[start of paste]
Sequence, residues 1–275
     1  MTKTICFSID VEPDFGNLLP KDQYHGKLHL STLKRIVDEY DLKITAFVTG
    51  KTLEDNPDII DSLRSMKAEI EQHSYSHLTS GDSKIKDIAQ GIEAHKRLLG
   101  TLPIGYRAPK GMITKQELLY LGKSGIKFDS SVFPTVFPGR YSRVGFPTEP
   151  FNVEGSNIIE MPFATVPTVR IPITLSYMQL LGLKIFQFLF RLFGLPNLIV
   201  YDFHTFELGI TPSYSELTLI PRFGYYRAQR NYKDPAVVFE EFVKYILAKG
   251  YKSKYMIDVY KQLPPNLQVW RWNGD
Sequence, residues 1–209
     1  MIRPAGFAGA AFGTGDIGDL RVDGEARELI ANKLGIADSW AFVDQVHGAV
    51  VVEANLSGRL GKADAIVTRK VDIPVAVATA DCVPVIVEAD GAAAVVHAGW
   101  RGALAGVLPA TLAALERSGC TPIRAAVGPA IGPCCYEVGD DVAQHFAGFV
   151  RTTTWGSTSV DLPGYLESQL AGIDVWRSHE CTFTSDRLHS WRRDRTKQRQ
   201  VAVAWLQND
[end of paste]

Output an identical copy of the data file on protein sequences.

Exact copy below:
Sequence, residues 1–275
     1  MTKTICFSID VEPDFGNLLP KDQYHGKLHL STLKRIVDEY DLKITAFVTG
    51  KTLEDNPDII DSLRSMKAEI EQHSYSHLTS GDSKIKDIAQ GIEAHKRLLG
   101  TLPIGYRAPK GMITKQELLY LGKSGIKFDS SVFPTVFPGR YSRVGFPTEP
   151  FNVEGSNIIE MPFATVPTVR IPITLSYMQL LGLKIFQFLF RLFGLPNLIV
   201  YDFHTFELGI TPSYSELTLI PRFGYYRAQR NYKDPAVVFE EFVKYILAKG
   251  YKSKYMIDVY KQLPPNLQVW RWNGD
Sequence, residues 1–209
     1  MIRPAGFAGA AFGTGDIGDL RVDGEARELI ANKLGIADSW AFVDQVHGAV
    51  VVEANLSGRL GKADAIVTRK VDIPVAVATA DCVPVIVEAD GAAAVVHAGW
   101  RGALAGVLPA TLAALERSGC TPIRAAVGPA IGPCCYEVGD DVAQHFAGFV
   151  RTTTWGSTSV DLPGYLESQL AGIDVWRSHE CTFTSDRLHS WRRDRTKQRQ
   201  VAVAWLQND